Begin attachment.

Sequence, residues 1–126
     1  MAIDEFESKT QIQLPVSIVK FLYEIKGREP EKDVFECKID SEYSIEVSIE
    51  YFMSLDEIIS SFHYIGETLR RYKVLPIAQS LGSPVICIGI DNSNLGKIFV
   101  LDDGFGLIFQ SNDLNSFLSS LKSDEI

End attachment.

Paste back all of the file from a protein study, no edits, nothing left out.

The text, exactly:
Sequence, residues 1–126
     1  MAIDEFESKT QIQLPVSIVK FLYEIKGREP EKDVFECKID SEYSIEVSIE
    51  YFMSLDEIIS SFHYIGETLR RYKVLPIAQS LGSPVICIGI DNSNLGKIFV
   101  LDDGFGLIFQ SNDLNSFLSS LKSDEI